Earnings reports, in particular from a handful of big banks, will draw investors’ attention next week.
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Each bank has its own story, none more compelling perhaps than Bank of America, which is facing problems on a number of fronts, not least backlash from customers angry about the bank’s plan to apply a $5 monthly fee for using debit cards.
The rest, with the ever-dominant Goldman a likely exception, could be hampered by the difficult economy, which has dampened enthusiasm for the kind of big corporate deals for which these banks earn big fees.
Apple’s new chief executive, Tim Cook, if he participates in the company’s earnings conference call, could face questions on the direction he intends to take Apple as competition in the consumer gadgets sector gets ever more intense.
Inflationary data comes out with the Producer Price Index released Tuesday and the Department of Labor's September Consumer Price Index out Wednesday. The Federal Reserve has said repeatedly that inflation is a potential concern in the near future, but is not currently a high priority. Gas and food prices have leveled off somewhat since rising sharply earlier this year primarily due to catastrophic events worldwide.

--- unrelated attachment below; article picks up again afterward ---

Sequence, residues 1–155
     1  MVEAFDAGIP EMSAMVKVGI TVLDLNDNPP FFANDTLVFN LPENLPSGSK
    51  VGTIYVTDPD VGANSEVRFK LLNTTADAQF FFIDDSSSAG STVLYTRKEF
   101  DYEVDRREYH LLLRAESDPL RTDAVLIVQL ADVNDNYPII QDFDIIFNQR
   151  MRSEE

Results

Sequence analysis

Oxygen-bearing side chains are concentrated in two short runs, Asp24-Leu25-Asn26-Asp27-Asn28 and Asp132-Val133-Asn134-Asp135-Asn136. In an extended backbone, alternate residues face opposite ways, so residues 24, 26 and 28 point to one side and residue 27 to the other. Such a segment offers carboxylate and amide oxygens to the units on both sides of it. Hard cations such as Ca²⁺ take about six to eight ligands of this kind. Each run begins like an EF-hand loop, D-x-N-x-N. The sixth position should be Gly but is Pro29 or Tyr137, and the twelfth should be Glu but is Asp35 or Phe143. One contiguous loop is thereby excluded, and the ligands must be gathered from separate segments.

Data on September housing starts is due Wednesday. Many economists believe a broad and sustained economic recovery will begin with the housing sector. A glut of inventory and skittish buyers have hurt demand for months. Those dynamics aren’t likely to have changed in September. Existing home sales figures are due Thursday.
Also on tap for next week is a report from European fiscal leaders on how to deal with Greek’s overwhelming debt. Any news out of Europe regarding the Greek debt crisis has drawn an immediate response from Wall Street, with good news prompting rallies and bad news prompting sell-offs.